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Lockheed Deal With Aerojet Is in Jeopardy as FTC Files Suit (2)

Jan. 25, 2022, 8:03 PM

U.S. antitrust regulators sued to block Lockheed Martin Corp.’s $4.4 billion purchase of Aerojet Rocketdyne Holdings Inc., signaling that the Biden administration will get tough on deals that could reduce defense industry competition.

Lockheed executives said they are deciding whether to fight the government’s move or rework their strategy for using Aerojet’s propulsion systems in developing hypersonic weapons -- a critical U.S. defense imperative.

“This deal would give Lockheed the ability to cut off other defense contractors from the critical components they need to build competing missiles,” Holly Vedova, head of the FTC’s Bureau of Competition, said in a statement Tuesday. “Without competitive pressure, Lockheed can jack up the price the U.S. government has to pay, while delivering lower quality and less innovation.”

The proposed acquisition is an early litmus test for President Joe Biden’s push to take a harder stance against mergers across the economy. It is the second major merger challenge brought by Federal Trade Commission Chair Lina Khan, who has vowed to pursue a more aggressive competition agenda. In December the agency sued to block Nvidia Corp.’s purchase of Arm Ltd. from SoftBank Group Corp.

Read more: Nvidia Is Said Ready to Abandon Arm Deal

On the Lockheed transaction, the FTC voted 4-0 to file a complaint in the agency’s administrative court and said it plans to seek an injunction to block the deal in federal court.

Lockheed said it would decide within the next 30 days whether to go to court or walk away from the merger.

The company and Aerojet had agreed not to close the transaction before Jan. 27 to enable discussions about “firewall commitments.” The companies had defended the tie-up as beneficial for the U.S., its allies, the industry and their own stakeholders.

Aerojet tumbled 18% at 2:22 p.m. in New York after sliding 19%, the most intraday since Jan. 22, 2020. Lockheed rose 3.3% after reporting fourth-quarter earnings and revenue that topped analysts’ estimates.

What Bloomberg Intelligence Says

Lockheed share repurchases may be further augmented if the Aerojet deal is abandoned. However, Lockheed could still use its strong cash generation and balance sheet for M&A, possibly with a more tech-driven focus than the Aerojet proposal.

-- Douglas Rothacker, BI aerospace analyst

Click here to read the research.

Lockheed’s planned acquisition was the first major strategic foray by Jim Taiclet after he became chief executive officer at Lockheed in 2020. The deal, announced just six months into his tenure, would have combined Aerojet’s expertise in rocket motors with Lockheed’s arsenal of missile-defense batteries and hypersonic vehicles.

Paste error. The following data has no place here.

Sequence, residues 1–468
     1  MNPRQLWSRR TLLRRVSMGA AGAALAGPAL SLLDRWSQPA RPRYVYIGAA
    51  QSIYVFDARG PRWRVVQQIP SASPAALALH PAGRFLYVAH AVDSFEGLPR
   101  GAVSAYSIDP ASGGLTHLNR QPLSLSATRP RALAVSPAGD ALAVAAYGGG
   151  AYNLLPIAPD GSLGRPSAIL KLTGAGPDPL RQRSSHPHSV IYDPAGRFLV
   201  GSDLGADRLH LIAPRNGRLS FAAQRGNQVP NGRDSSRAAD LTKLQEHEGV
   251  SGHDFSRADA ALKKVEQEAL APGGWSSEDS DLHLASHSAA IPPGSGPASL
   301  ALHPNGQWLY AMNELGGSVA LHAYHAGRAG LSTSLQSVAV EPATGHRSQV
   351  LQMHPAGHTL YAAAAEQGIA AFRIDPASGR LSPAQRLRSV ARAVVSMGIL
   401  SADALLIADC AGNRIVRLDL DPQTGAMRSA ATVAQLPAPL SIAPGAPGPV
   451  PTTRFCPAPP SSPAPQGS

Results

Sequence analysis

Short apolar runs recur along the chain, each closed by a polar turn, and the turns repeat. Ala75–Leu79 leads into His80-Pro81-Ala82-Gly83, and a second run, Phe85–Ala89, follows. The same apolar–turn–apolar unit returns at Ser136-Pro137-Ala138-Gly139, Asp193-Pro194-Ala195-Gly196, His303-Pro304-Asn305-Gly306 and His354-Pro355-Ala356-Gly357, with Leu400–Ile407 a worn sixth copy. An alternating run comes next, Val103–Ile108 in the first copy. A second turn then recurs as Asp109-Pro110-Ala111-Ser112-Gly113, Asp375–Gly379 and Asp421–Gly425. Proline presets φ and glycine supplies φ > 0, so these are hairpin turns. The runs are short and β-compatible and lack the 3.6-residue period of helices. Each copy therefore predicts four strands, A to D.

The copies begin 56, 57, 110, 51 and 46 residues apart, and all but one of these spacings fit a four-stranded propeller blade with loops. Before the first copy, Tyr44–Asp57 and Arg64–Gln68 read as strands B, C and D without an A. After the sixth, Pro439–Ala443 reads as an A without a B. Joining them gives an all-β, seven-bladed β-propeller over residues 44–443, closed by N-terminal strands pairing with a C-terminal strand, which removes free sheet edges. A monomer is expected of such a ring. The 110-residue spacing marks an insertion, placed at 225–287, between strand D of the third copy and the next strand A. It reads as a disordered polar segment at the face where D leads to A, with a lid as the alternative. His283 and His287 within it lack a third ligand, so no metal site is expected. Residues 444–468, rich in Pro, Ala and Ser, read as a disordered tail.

While it would be more efficient to have a single set of engineers focused on melding a propulsion system with a vehicle frame, “we can still manage it which ever way that deal works out,” Taiclet said during Lockheed’s earnings call.

The acquisition’s demise would have limited financial impact for Lockheed since it’s not baked into the company’s financial forecasts, said Nick Cunningham, an analyst at Agency Partners. “But it would be a blow to the still relatively new management, who own this deal,” he wrote in a note to clients.

Lockheed rival Raytheon Technologies Corp. had urged the FTC to block the merger, claiming it would put one of company’s major suppliers in the hands of a competitor. U.S. Senator Elizabeth Warren warned about the harm to the defense sector if the last major U.S. rocket-propulsion manufacturer were to be swallowed up by the world’s largest defense company.

Biden in July issued a broad order directing U.S. agencies to take steps to boost competition, urging the FTC, the Justice Department and other regulators to increase antitrust scrutiny.

Pentagon spokesman John Kirby told reporters that the Defense Department shared its views on the proposed merger with the commission last month but declined to disclose its recommendations.

(Updates with Bloomberg Intelligence analysis)

--With assistance from Ryan Beene.

To contact the reporters on this story:
Julie Johnsson in Chicago at jjohnsson@bloomberg.net;
David McLaughlin in Washington at dmclaughlin9@bloomberg.net

To contact the editors responsible for this story:
Chester Dawson at cdawson54@bloomberg.net

Tony Robinson, Richard Clough

© 2022 Bloomberg L.P. All rights reserved. Used with permission.

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